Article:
The US Navy has announced that one of its future Arleigh Burke-class destroyers would be named in honor of late Sen. Thad Cochran, a Navy veteran.
Interestingly, the navy announced the decision without revealing the hull number of the ship that would be named after the 10th longest-serving senator in the history of the United States.
Cochran was commissioned an ensign in the US Naval Reserve in 1959 after graduating from the University of Mississippi with a bachelor’s degree in psychology and completed his service in the US Navy in 1961.
He served on the staff of the Commandant of the Eighth Naval District in New Orleans, Louisiana; taught military law and naval orientation at the Officer Candidate School in Newport, Rhode Island; and was promoted to the rank of Lieutenant in the U.S. Naval Reserve.
Cochran went on to serve in the House of Representatives from 1973 to 1978 and represented Mississippi in the US Senate from 1978 to 2018.
“From his service as a legal officer aboard the heavy cruiser USS Macon, to his dedicated work on behalf of our Sailors and Marines on the Senate Appropriations Committee, Senator Thad Cochran was always a strong advocate for our nation’s defense and a courtly voice for cooperation and civility in American politics,” said Secretary of the Navy Richard V. Spencer. “We mourned his passing this May, but his legacy will live on wherever this Arleigh Burke-class destroyer may serve.”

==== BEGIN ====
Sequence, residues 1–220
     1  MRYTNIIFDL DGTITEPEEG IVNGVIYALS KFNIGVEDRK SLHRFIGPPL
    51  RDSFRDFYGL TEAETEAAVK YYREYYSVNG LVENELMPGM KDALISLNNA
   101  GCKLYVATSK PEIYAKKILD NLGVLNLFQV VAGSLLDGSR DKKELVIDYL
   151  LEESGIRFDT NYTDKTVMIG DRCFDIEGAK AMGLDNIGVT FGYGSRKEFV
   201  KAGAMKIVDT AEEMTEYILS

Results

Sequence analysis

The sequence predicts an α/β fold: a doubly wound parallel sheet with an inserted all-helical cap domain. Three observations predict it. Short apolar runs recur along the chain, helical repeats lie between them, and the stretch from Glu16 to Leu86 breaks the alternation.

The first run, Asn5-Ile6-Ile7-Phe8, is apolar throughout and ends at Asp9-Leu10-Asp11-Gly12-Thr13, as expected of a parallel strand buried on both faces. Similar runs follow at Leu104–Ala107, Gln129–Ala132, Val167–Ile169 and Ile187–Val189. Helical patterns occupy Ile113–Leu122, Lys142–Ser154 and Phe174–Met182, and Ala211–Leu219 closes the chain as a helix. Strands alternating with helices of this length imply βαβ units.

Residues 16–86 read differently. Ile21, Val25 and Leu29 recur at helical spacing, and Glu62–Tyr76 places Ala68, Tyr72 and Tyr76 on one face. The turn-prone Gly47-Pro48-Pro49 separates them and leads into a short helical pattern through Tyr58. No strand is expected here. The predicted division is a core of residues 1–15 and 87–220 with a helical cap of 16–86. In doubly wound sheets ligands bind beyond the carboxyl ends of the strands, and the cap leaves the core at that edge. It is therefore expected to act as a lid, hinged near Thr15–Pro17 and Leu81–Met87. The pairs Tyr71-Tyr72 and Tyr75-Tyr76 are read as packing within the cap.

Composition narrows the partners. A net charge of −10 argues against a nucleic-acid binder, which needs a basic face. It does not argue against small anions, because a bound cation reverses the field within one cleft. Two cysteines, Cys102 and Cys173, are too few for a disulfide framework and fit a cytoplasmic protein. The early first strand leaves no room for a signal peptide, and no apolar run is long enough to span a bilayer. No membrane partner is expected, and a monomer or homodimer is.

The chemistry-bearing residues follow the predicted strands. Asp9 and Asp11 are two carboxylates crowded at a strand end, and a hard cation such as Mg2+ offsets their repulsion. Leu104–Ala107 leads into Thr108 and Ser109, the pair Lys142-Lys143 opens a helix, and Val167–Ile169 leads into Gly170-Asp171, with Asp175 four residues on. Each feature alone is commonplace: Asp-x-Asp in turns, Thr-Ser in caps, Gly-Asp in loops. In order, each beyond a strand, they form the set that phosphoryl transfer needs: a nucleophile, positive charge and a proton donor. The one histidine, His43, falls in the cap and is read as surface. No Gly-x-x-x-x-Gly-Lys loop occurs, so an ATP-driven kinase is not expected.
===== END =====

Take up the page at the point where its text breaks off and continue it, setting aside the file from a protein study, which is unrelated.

While serving as Chairman of the Committee on Appropriations of the Senate from 2005 to 2007 and from 2015 to 2018, Cochran worked to strengthen the armed forces by supporting shipbuilding programs for the navy, the marine corps, the coast guard, and other critical Federal organizations.
The future USS Thad Cochran will be capable of fighting air, surface, and subsurface battles simultaneously and will contain a combination of offensive and defensive weapon systems to support maritime warfare, including integrated air and missile defense and vertical launch capabilities.
The ship will be 509 feet long, have a beam of 59 feet, and be capable of operating in excess of 30 knots.